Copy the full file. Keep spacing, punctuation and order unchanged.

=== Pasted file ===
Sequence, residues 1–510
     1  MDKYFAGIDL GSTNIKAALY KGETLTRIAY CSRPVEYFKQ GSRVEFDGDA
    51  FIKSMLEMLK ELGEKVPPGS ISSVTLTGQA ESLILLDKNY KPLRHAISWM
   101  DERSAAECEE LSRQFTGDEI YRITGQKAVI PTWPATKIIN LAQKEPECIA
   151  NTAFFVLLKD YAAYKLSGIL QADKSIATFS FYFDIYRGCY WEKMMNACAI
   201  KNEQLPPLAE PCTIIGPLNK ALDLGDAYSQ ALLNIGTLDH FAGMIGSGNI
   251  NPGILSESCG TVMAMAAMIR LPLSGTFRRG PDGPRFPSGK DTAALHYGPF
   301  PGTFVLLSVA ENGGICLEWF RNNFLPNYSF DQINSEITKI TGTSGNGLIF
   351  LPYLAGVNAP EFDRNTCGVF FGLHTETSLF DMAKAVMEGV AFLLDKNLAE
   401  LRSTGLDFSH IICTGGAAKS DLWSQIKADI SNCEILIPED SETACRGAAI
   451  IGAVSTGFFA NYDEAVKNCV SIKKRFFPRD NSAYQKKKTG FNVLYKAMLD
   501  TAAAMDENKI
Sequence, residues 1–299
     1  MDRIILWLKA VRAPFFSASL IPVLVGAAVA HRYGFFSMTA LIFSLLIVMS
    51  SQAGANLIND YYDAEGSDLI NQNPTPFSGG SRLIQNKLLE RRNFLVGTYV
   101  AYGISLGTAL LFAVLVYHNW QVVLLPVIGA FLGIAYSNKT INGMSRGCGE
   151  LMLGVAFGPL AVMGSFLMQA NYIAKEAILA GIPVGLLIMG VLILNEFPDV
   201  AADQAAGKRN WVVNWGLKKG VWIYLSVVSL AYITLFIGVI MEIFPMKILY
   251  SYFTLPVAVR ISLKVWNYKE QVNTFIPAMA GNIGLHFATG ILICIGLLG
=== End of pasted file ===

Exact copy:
Sequence, residues 1–510
     1  MDKYFAGIDL GSTNIKAALY KGETLTRIAY CSRPVEYFKQ GSRVEFDGDA
    51  FIKSMLEMLK ELGEKVPPGS ISSVTLTGQA ESLILLDKNY KPLRHAISWM
   101  DERSAAECEE LSRQFTGDEI YRITGQKAVI PTWPATKIIN LAQKEPECIA
   151  NTAFFVLLKD YAAYKLSGIL QADKSIATFS FYFDIYRGCY WEKMMNACAI
   201  KNEQLPPLAE PCTIIGPLNK ALDLGDAYSQ ALLNIGTLDH FAGMIGSGNI
   251  NPGILSESCG TVMAMAAMIR LPLSGTFRRG PDGPRFPSGK DTAALHYGPF
   301  PGTFVLLSVA ENGGICLEWF RNNFLPNYSF DQINSEITKI TGTSGNGLIF
   351  LPYLAGVNAP EFDRNTCGVF FGLHTETSLF DMAKAVMEGV AFLLDKNLAE
   401  LRSTGLDFSH IICTGGAAKS DLWSQIKADI SNCEILIPED SETACRGAAI
   451  IGAVSTGFFA NYDEAVKNCV SIKKRFFPRD NSAYQKKKTG FNVLYKAMLD
   501  TAAAMDENKI
Sequence, residues 1–299
     1  MDRIILWLKA VRAPFFSASL IPVLVGAAVA HRYGFFSMTA LIFSLLIVMS
    51  SQAGANLIND YYDAEGSDLI NQNPTPFSGG SRLIQNKLLE RRNFLVGTYV
   101  AYGISLGTAL LFAVLVYHNW QVVLLPVIGA FLGIAYSNKT INGMSRGCGE
   151  LMLGVAFGPL AVMGSFLMQA NYIAKEAILA GIPVGLLIMG VLILNEFPDV
   201  AADQAAGKRN WVVNWGLKKG VWIYLSVVSL AYITLFIGVI MEIFPMKILY
   251  SYFTLPVAVR ISLKVWNYKE QVNTFIPAMA GNIGLHFATG ILICIGLLG